This commitment to moviemaking—driven more by the
material of a film than the bottom line—is commonplace in New
York. Producers value their independence from the studio system
and its creative restraints. “Here we just go out and do it,”
says Susan Stover, who produced Lisa Cholodenko’s High Art and her upcoming Laurel Canyon. “In LA, things get
shot down a lot quicker because the only model is the studio model.”
“The studios just aren’t interested in what we’re producing,”
agrees Lemore Syvan, founder of Blue Magic Pictures, which helped
produce Personal Velocity and is currently working on John
Sayles’ Casa de los Babys.


The flip side of this creative freedom is creative
financing: money often must come from alternative sources like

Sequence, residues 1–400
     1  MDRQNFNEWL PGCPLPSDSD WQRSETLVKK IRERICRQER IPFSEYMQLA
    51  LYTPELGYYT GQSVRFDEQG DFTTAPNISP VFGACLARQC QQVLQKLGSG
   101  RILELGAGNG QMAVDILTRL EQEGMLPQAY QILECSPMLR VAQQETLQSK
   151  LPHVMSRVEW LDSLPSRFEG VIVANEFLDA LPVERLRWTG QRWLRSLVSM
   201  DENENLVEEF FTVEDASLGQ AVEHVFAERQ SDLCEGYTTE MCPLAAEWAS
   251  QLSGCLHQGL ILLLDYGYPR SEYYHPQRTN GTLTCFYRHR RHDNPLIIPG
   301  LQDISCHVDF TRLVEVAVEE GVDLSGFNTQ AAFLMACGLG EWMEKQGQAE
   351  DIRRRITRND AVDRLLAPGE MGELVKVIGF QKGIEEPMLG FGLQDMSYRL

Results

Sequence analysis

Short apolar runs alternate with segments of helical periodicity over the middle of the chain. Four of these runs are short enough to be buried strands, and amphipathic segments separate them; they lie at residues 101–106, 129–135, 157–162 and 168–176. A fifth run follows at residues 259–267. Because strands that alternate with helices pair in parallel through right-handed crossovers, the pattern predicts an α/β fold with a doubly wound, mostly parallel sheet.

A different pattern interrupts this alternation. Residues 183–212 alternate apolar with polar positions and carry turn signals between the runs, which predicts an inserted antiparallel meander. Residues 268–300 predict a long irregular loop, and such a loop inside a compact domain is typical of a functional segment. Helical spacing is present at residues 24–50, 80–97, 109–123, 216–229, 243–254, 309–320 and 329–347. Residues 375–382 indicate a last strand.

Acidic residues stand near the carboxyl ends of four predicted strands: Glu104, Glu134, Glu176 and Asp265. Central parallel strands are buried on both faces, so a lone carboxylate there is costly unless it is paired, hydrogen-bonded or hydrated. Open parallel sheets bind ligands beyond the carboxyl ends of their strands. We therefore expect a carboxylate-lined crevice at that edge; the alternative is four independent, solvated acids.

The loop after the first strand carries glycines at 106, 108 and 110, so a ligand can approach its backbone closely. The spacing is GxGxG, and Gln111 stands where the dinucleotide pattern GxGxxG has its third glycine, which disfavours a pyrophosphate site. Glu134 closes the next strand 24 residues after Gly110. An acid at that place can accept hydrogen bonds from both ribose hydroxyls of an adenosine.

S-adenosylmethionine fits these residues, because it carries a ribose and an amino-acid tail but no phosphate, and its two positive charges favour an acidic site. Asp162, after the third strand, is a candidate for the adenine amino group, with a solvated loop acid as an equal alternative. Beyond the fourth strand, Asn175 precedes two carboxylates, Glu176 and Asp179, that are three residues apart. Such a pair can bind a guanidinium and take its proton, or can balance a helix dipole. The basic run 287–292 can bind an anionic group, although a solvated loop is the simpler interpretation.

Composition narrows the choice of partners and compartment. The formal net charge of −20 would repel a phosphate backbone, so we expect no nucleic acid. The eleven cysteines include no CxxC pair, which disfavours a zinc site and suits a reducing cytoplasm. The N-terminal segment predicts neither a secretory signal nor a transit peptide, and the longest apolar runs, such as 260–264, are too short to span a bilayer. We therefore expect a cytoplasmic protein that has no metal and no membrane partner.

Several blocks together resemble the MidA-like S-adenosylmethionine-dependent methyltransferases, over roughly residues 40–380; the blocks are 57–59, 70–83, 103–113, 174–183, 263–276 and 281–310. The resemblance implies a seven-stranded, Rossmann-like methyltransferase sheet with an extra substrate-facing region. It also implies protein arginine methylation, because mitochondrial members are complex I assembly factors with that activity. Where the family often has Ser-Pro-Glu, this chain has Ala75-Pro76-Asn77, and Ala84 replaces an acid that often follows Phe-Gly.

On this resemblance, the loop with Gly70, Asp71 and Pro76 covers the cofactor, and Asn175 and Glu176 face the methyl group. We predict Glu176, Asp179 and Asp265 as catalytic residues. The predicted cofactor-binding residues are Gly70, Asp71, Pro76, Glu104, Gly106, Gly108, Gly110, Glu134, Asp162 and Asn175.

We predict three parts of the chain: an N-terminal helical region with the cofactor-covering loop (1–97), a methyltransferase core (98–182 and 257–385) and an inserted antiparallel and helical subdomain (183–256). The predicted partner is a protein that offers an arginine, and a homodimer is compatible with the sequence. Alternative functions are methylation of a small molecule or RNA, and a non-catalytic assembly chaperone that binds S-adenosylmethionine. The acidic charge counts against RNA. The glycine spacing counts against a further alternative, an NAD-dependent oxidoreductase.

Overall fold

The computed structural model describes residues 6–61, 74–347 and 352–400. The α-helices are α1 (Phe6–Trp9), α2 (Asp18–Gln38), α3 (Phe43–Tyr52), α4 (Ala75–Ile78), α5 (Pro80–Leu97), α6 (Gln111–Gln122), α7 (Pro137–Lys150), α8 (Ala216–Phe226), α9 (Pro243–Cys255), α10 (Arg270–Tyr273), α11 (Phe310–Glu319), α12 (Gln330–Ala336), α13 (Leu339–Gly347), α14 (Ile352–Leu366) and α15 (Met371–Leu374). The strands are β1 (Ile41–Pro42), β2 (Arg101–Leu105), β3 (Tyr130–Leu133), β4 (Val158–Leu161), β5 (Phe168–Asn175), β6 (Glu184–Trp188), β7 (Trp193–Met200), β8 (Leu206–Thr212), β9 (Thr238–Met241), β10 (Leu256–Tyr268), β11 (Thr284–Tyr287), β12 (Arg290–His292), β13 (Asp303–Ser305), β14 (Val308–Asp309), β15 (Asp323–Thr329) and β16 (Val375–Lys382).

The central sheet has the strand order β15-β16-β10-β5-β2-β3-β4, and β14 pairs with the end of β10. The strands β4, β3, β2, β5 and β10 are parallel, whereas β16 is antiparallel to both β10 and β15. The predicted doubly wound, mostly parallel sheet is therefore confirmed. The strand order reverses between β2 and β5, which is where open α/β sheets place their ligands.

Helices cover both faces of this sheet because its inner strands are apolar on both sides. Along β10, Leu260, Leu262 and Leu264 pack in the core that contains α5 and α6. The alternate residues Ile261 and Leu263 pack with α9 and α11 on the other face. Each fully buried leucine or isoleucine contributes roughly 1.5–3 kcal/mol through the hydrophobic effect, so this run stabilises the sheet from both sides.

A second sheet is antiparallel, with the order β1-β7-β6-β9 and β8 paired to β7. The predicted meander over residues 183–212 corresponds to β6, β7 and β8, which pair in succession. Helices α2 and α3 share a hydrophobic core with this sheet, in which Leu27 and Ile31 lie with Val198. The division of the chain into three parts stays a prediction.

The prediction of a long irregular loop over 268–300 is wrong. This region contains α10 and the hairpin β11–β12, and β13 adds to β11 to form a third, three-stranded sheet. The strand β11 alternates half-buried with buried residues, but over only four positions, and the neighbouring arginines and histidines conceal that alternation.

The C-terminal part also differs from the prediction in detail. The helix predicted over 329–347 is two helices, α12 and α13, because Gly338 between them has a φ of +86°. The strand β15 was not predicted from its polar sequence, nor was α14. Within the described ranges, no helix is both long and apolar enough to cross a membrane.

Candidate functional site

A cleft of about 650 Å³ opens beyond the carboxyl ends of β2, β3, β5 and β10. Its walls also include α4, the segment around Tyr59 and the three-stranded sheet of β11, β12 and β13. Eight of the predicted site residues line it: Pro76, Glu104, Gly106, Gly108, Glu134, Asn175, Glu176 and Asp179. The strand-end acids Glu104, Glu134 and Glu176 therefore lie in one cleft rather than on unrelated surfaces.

Wall Street, side projects or out of an independent producer’s
own pocket. The advantage to this system is that it forces companies
to produce work to survive—there is no blockbuster cushion to
fall back on if a movie fails to materialize.


“In New York, you have to make movies. We’ve
put out 10 to 12 in the past nine years,” says Macaulay. “Hollywood
spends a lot of time on films that aren’t made.” Forensic Films
is financed in part by Macaulay’s partner Robin O’Hara, who line
produces Hollywood projects, as well as through a side business
of service work for European films shooting in NYC. Many do whatever
they can to stay in New York.


“In the beginning, I collected unemployment,”
says Katie Roumel, who started as an intern at Killer Films in
1993 and is now a partner. “It was a scrappy way to keep together